Sunday, September 04, 2016

Whale Watching Off Bar Harbor, Maine

We started bright and early to head over to Bar Harbor, Maine for a whale watching tour with the imaginatively named Bar Harbor Whale Watch Co.

We grabbed our ticket and then killed some time at the few shops that were open this early.

What "Bar Harbor" sounds like in New English.

I kept seeing whoopie pies for sale everywhere so we finally had one. It's pretty much how it looks, like two cake buns with icing in the middle. It is the official state treat of Maine, not to be confused with the official state dessert of Maine, the blueberry pie.

With time officially killed and our stomachs full of icing, we boarded the Atlanticat.

A dutch cruise liner was nearby and there wasn't a dock to accommodate the massive ship so they were ferrying people in on these cool little boats.

Then we headed out into the Gulf of Maine.

There were tons of Sic-Sacs, the trademarked original motion sickness bag, on every table in the ships cabin. I made a game of seeing how many I could stuff into Zoe's purse while she wasn't looking. While this was a whale watching tour, as one of the top Google reviews warns, "The only thing you are guaranteed to see is people throwing up." 

Once the ship was out in whale territory we were on high alert. A few times we saw the whales' blowhole breath shooting high into the air but by the time the boat reached it the whale was gone. I saw a big shimmering fin one time but that was about it. On the way back the captain officially designated the trip a bust which meant we could return for free on another trip. My cousin Brendan is getting married in Maine so I'm hoping we can give it another try then.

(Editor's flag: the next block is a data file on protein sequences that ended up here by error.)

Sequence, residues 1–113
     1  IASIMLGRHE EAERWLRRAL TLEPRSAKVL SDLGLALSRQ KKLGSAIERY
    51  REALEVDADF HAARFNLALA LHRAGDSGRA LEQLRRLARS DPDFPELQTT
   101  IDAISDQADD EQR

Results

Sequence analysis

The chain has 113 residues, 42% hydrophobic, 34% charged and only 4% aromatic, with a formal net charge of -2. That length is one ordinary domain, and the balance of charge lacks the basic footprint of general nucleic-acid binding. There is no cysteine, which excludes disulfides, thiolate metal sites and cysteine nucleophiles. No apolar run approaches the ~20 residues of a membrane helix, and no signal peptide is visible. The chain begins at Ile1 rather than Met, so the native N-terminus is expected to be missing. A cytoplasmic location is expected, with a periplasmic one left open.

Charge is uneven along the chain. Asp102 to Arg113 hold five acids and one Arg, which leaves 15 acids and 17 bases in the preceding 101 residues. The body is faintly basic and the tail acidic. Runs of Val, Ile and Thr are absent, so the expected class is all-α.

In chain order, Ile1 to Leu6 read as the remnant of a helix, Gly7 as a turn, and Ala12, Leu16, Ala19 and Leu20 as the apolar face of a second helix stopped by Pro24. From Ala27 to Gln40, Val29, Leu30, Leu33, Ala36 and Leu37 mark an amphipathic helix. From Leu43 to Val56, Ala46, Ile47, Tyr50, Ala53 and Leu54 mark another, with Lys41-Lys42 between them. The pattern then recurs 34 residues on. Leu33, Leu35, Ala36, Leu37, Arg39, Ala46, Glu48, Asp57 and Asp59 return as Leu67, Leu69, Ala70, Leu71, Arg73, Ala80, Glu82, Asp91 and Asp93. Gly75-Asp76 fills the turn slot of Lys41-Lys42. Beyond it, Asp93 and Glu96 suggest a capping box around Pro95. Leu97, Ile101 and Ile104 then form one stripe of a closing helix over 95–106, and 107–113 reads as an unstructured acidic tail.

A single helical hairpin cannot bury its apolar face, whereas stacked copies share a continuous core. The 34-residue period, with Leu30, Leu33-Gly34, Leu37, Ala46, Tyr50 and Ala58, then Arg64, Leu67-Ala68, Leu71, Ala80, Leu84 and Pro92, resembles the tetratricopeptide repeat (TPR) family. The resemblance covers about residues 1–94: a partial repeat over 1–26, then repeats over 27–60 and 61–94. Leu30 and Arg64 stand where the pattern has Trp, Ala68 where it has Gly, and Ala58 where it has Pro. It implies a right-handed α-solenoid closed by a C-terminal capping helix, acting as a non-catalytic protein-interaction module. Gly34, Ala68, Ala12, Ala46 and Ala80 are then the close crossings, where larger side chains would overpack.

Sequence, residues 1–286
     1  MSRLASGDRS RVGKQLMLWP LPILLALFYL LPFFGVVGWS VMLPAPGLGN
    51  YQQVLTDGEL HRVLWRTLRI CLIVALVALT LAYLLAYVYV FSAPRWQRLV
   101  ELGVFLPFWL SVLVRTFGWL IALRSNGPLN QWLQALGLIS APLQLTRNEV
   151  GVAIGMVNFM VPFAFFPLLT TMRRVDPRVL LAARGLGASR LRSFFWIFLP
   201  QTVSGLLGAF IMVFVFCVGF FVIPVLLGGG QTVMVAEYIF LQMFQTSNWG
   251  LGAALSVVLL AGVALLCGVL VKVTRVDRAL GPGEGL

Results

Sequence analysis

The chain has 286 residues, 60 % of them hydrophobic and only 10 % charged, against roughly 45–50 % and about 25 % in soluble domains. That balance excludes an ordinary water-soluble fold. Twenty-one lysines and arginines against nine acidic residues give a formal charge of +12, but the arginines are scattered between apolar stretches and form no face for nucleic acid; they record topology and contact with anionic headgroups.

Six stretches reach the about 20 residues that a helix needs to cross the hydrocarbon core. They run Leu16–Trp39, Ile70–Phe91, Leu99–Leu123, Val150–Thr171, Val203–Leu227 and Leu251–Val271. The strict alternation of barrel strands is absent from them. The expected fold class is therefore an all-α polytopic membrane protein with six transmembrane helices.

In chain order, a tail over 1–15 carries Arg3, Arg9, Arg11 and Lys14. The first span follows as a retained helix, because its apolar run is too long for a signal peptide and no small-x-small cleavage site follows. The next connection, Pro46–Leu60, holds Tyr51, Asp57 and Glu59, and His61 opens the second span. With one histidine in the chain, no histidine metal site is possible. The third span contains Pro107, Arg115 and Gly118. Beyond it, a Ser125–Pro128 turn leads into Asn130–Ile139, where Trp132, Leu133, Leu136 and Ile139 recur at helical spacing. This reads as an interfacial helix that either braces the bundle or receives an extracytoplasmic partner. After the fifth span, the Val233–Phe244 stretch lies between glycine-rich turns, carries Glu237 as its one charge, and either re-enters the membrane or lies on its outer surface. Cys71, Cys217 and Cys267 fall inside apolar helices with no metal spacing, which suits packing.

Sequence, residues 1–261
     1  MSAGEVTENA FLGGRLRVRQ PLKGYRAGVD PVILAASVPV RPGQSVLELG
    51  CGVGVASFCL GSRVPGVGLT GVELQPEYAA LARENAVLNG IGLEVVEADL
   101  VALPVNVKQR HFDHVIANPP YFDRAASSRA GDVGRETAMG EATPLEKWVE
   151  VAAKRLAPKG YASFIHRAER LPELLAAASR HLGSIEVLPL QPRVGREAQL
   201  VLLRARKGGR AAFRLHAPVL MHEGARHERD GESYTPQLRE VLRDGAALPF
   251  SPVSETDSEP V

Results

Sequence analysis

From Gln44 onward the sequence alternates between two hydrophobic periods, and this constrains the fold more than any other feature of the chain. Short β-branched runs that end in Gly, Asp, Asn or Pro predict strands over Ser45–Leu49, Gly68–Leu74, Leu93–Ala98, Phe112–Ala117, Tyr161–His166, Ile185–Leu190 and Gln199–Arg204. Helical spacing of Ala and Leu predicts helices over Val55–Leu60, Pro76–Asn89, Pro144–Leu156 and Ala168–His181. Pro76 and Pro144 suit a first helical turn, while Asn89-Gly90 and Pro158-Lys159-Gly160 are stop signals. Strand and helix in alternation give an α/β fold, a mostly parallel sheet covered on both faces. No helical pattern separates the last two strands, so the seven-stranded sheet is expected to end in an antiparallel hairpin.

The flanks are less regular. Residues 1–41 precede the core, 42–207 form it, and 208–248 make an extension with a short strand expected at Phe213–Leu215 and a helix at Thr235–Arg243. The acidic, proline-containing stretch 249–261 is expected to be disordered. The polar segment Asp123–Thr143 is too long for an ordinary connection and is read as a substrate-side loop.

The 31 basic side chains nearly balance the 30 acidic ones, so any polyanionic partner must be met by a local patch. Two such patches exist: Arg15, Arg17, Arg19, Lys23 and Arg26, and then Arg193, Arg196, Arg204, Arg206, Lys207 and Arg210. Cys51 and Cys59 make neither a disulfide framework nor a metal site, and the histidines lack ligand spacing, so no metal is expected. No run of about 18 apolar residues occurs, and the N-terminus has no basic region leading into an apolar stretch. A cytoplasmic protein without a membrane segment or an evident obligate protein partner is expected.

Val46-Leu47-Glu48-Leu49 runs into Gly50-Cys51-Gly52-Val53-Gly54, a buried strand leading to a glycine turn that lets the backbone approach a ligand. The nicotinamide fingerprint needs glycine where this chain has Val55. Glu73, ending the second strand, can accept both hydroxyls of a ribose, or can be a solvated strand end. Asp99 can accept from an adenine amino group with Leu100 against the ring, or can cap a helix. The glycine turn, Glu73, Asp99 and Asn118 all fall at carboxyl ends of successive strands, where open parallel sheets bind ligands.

The tour company had warned us to bring a hat and gloves. I thought it was funny, it being summer and all, so I brought a giant hat and the thick gloves I bought in Iceland. I was glad I did. Once that boat got going it was crazy cold out there.

One of the ship's marine biologists was walking around with a piece of baleen from a whale's mouth. The whales playing the krill game have these instead of teeth. They get a mouth full of water and then push it out through this hairy structures to strain out the deliciousness. How the largest animal on earth (the blue whale) ended up eating these barely visible shrimp things is pretty hard to understand. Fun krill fact: Wikipedia says in "the Southern Ocean, one species, the Antarctic krill, Euphausia superba, makes up an estimated biomass of around 379,000,000 tonnes, making it among the species with the largest total biomass."

We passed the Dutch mothership on the way back.

Atlanticat exterior.

On the way back to Portland we stopped at little shack restaurant called Fish Net in a town called Blue Hill for one last lobster roll.

We returned to L. L. Bean to pick up Lydia's newly monogrammed backpack.

We spent the night in Portland and that was the end of the game. Our flight the next morning was crazy early.

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